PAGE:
14th Sunday after Pentecost
Choose to Follow Christ!
1. A decision enabled by God
2. A decision that flows from faith
Text: John 6:60-69
This is not easy. This is difficult. This is controversial. This is a hard teaching . . . The silence was deafening. Jaws were dropped. Eyes were darting. Brows were furled. Heads were scratched. This didn’t make sense!
Jesus had fed thousands of them with a few loaves of bread and two fish. Maybe Jesus could give them some more food. And if Jesus could give them food, maybe Jesus could give them some other things they needed, too. They had diseases to be cured. They had Roman taxes to be paid. They needed to refinance the loans on their donkeys.
But then Jesus told them that they shouldn’t work so hard for bread. They shouldn’t chase after things that spoil. Instead they should work for bread that comes from heaven. What did that mean? Then Jesus said that he was bread from heaven. How could Jesus of Nazareth be from heaven? Read the rest of this entry
13th Sunday after Pentecost
The Best Meal You’ll Ever Eat
Text: John 6:51-58
I have a guilty pleasure to confess. I like chocolate. No, I love chocolate. Kit-Kat, Snickers, Reese’s Pieces, Baby Ruth, Three Musketeers. It doesn’t matter. I’ll eat them all. I find it ironic how they produce those little “fun size” candy bars, but there’s nothing fun about them. The big ones are the fun size candy bars! And I don’t eat M&Ms one at a time. No, I take the bag and pour a pile in my hand to eat them all in one gulp. Chocolate bars. Oreos. Chocolate cake. You name it. As long as it doesn’t have coconut wit it, I’ll love it and I’ll eat it.
That’s not the only guilty pleasure I have. I also love potato chips. Barbeque chips. Sour Cream ‘N’ Onion chips. Especially Doritos. I love chips. My family of four can easily slam an entire bag of chips in a few minutes on a Saturday night.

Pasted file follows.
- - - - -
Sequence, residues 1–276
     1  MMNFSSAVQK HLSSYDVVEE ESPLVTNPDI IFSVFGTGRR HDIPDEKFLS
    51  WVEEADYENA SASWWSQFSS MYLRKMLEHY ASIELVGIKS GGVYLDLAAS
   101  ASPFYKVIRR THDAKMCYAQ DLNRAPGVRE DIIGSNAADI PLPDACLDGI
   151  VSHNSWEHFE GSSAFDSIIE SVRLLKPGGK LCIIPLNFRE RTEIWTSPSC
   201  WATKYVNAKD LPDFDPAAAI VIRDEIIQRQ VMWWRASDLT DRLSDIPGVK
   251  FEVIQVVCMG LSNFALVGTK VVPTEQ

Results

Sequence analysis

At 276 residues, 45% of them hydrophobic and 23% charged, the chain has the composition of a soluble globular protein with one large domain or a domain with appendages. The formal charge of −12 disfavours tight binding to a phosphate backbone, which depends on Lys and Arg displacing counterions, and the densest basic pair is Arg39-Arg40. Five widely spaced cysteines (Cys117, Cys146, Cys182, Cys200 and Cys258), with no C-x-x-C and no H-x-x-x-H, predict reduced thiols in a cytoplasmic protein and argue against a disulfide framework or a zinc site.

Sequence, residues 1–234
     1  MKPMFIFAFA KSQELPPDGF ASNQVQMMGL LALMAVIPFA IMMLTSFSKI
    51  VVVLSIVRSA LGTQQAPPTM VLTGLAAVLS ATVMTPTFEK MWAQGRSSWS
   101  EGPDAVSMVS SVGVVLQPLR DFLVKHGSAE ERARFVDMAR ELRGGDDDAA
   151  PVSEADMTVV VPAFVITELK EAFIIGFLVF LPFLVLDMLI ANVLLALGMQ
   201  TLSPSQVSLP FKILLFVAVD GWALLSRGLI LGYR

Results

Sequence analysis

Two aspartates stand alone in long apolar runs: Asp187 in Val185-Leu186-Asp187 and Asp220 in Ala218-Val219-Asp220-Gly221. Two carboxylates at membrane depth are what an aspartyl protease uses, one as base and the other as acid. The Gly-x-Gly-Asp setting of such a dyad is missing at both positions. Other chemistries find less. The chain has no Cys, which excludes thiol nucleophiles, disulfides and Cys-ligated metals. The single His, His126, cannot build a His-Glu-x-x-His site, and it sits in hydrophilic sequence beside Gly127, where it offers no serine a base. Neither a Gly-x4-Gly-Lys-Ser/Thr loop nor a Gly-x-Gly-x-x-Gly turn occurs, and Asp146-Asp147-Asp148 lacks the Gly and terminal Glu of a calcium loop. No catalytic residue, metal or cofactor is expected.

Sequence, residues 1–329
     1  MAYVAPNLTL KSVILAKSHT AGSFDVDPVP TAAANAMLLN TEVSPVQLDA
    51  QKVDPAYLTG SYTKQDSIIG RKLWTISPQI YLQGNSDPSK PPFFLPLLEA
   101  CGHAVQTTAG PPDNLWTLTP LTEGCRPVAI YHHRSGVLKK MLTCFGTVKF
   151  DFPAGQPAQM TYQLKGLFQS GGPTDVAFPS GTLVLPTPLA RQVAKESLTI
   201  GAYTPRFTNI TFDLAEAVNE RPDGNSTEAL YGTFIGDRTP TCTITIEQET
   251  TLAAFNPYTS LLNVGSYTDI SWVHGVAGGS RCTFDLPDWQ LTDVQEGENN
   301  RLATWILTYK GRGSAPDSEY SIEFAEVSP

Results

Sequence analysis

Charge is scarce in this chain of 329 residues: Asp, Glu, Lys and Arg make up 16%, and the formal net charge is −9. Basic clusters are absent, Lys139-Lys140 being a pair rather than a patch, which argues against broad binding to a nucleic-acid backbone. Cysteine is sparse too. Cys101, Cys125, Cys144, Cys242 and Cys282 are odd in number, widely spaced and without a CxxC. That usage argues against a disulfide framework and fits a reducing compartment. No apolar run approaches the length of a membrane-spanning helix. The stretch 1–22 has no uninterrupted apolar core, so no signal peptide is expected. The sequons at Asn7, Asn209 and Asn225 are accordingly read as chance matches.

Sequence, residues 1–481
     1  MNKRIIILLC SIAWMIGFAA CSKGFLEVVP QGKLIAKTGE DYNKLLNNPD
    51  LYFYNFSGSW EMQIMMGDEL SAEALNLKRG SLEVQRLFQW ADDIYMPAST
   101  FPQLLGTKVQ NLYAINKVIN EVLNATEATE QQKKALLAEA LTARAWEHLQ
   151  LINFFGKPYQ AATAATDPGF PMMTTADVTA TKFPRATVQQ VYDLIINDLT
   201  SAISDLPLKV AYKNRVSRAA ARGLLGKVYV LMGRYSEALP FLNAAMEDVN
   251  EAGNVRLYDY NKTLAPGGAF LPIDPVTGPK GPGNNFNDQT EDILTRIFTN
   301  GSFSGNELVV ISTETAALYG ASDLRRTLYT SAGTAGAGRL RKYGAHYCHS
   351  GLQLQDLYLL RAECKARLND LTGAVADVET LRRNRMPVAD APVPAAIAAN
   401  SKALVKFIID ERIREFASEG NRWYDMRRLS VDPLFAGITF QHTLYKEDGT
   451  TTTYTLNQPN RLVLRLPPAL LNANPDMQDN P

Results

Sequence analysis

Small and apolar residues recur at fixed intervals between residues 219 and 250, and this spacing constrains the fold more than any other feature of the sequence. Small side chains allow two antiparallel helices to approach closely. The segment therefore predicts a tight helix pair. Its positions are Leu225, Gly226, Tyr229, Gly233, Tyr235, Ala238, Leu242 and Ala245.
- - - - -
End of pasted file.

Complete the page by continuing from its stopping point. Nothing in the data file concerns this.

I’m also from Wisconsin. So I love cheese. I love cheese curds. I love deep fried cheese curds. At the Wisconsin State Fair they deep fry everything—cheese, pickles, steak, Twinkies, Oreos. And yes, I love it all. Read the rest of this entry
11th Sunday after Pentecost
Learn from the Past! Eat Food that Will Last!
Text: John 6:24-35
For centuries people around the globe enjoyed the frothy, filling, and fresh drink that amazingly is produced by cows and many other animals—milk. And for centuries, people enjoyed this creamy beverage fresh from the cow. Then a man came around in the late 1800s by the name of Louis Pasteur. He discovered that fresh, raw milk can be unsafe because it contains so much bacteria. Milk consumption has never been the same as we have learned the benefits of pasteurized milk. Only “da crazy Norderners from Wisconsin and Minnesota” drink unpasteurized milk.
A beautiful, pear-looking fruit called ackee is the national fruit of Jamaica. But ackee is banned in the United States because it was discovered that it contains toxins that can cause your blood sugar to plummet to dangerous levels, possibly even leading to fatality.
Sassafras oil is an extract from the roots of the sassafras tree. It was once popular in making tea and root beer. But since it was found to be a potential carcinogen, sassafras oil has been banned since the 1960s. Now the only sassafras I know is my two-year-old daughter.
Over the years, through experience and through testing, we have learned about foods and drinks that might be dangerous to us. Taking in all the evidence of the past, it would be foolish for us to ignore everything we have learned and to consume those foods anyway. We would be disregarding our own health. We would be putting ourselves in the way of danger. We would be knowingly causing ourselves sickness or even death. How foolish that would be.